In carrying out the inventive process, a wide variety of recrystallized, metamorphic CaCO3 can be employed so long as it is crystalline in structure. However, in order to achieve acceptable retardation and reduction of SOx and NOx, formation in accordance with the invention, the recrystallized, metamorphic CaCO3 employed is recrystallized, metamorphic CaCO3 which is not only crystalline in structure but also contains, in a range of from less than about 5% up to about 65% by weight, based on the total weight of CaC03, of other calcareous and non-calcareous materials. Furthermore, in this respect, while the recrystallized, metamorphic CaCO3 may have a widely varying particle size and may be ground to produce small particles thereof, the grinding should not be so extensive that it destroys the crystalline structure. On the other hand, as a practical matter, when carrying out the process of this invention, the particles of recrystallized, metamorphic CaCO3 should not be so large that the CaCO3 cannot be efficiently or substantially fully utilized. The optimal t size of the recrystallized CaCO3 particles which may be employed in a given combustion system is dependent upon the temperature, residence time of the crystalline CaCO3 in the combustor and the type of fuel and its particle size. The particular recrystalline CaCO3 particle size for use in any particular system is readily determinable by routine calculation and testing. As a practical matter, the particle size of the recrystallized, metamorphic CaCO3 is in a range of an average of from about 300 sieve (ASTM) up to about 4 sieve (ASTM).
Still further, in accordance with the inventive process, less ash is produced (in the case of coal fired boilers) and less solid throughput (in the case of incinerators) takes place than with conventional processes.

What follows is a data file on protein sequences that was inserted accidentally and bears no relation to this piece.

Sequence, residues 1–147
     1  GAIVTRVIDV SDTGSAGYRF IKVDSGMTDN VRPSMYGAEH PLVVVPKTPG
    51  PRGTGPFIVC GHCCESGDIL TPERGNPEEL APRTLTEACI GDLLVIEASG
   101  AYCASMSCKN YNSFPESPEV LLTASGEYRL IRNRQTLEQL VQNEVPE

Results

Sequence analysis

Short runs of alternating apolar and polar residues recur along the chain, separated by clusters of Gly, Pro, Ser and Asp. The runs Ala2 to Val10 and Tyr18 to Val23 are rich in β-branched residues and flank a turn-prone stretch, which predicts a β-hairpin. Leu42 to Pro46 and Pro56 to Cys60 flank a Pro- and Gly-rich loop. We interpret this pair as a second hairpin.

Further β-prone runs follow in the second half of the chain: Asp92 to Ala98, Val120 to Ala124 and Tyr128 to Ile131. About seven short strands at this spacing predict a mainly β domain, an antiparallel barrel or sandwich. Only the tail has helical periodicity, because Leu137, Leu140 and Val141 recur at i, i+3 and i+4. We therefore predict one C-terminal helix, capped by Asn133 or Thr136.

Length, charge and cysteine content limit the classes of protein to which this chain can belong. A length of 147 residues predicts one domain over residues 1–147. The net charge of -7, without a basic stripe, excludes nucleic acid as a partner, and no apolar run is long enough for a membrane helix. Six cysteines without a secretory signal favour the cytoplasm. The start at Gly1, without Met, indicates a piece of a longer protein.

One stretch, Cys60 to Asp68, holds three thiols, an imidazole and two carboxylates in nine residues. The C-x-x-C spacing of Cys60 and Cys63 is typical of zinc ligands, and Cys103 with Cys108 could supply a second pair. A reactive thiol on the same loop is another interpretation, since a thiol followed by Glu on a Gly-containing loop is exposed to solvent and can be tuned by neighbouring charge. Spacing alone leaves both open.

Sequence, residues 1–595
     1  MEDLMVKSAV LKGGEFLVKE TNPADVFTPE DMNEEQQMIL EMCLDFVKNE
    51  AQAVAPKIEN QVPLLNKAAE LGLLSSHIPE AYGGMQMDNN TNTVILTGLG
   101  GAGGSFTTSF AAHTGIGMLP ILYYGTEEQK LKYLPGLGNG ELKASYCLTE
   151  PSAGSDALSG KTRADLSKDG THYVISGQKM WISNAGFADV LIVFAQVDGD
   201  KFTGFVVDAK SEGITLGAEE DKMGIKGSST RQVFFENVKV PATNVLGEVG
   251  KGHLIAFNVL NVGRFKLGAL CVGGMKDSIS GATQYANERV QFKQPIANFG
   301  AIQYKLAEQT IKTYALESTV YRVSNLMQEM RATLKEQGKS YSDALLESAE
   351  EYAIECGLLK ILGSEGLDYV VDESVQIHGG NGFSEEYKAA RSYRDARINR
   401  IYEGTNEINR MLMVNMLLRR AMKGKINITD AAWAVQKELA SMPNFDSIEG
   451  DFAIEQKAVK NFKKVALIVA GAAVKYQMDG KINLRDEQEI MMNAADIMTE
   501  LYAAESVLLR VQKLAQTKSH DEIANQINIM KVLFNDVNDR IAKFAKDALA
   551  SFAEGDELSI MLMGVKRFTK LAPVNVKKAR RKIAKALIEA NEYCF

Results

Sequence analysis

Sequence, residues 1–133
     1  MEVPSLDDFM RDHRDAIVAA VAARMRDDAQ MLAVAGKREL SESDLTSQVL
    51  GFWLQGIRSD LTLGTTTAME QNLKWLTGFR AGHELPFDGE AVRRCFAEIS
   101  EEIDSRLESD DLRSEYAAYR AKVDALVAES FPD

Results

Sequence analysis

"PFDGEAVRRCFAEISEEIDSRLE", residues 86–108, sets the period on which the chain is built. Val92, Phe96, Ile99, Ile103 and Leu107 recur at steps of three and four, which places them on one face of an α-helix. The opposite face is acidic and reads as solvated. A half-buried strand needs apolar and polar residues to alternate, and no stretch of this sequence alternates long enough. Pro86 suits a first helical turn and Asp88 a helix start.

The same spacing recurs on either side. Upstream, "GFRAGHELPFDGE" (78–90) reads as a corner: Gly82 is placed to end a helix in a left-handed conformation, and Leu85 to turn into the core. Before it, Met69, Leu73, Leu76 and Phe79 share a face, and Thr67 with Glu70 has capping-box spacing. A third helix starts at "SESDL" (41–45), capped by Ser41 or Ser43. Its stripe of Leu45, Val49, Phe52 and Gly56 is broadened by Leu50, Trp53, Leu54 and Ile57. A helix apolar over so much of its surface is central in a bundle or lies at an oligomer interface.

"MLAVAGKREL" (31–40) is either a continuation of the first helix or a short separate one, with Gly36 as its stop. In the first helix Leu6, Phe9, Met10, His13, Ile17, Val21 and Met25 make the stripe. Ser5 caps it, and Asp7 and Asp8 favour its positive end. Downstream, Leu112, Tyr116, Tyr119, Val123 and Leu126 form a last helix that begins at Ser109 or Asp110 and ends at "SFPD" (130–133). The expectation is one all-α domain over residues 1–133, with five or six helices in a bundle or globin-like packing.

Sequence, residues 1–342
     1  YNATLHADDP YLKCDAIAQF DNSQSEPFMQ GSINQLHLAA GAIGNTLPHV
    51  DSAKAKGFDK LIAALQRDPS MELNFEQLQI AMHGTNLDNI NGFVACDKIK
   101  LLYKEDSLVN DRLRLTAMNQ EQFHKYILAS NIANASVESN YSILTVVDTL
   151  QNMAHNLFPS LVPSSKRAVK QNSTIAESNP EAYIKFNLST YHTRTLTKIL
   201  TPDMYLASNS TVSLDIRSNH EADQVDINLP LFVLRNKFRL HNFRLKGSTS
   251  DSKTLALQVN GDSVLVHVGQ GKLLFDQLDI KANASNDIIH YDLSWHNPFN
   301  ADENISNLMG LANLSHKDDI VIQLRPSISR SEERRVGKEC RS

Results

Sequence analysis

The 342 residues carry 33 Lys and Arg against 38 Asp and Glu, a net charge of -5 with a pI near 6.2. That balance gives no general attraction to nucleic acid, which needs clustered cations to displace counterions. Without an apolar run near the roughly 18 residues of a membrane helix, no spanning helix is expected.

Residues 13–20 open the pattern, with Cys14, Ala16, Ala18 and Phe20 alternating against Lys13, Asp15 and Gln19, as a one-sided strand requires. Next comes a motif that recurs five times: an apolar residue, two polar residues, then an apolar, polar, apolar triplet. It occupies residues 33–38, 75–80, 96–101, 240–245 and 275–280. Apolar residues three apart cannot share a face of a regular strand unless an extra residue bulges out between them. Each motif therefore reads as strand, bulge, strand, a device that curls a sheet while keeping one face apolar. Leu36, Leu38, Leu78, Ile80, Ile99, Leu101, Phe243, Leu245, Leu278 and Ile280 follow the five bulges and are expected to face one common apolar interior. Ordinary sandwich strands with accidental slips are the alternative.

In accordance with the process of the invention, the recrystallized, metamorphic CaCO3 may be mixed with the carbonaceous material before it is introduced into the combustion zone, or alternatively, fed into the active combustion zone.
A small amount of iron and/or aluminum, added to the recrystallized, metamorphic CaCO3, has been found to enhance the retardation and emission reduction effect of the process.
It has been found in tests that when substantial amounts of either chopped tires or municipal waste, in particular plastic waste, are added to the coal, the process maintains its effectiveness, with no discernible increase in SOx, NOx or particulate emissions.
Based upon test results, when the present invention is used in a coal combustion, the emission levels, without any scrubbing or other treatment, are comparable to or better than the most modern plants with state-of-the-art emission controls. This is significantly advantageous both from the economic and the environmental points of view for a multiplicity of reasons.
For example, since the process can be installed in most systems without extensive modifications, and since marble, that is, recrystallized, metamorphic CaCO3, is abundant, readily available and cheap, it allows existing plants which do not have scrubbers or other emission control equipment to drastically reduce emission levels at a fraction of the cost of switching to low sulfur coal, adding scrubbers and adding NOx treatment systems. It also allows plants that might be taken out of service because of high emissions to remain in operation at far less cost than would be required to replace them.
Still further, installing the process is simple and quick, and its installation does not require long plant shutdowns. Thus, it allows plants with high levels of emissions to reduce those levels substantially almost immediately, with corresponding benefits to the environment and to the economy.
Still further, in plants that already have state-of-the-art emission technology, it allows further reductions in emission levels, substantially improves the plants' efficiency, decreases their maintenance and prolongs their life.
Still further, by increasing efficiency, the cost of generating electric power is reduced.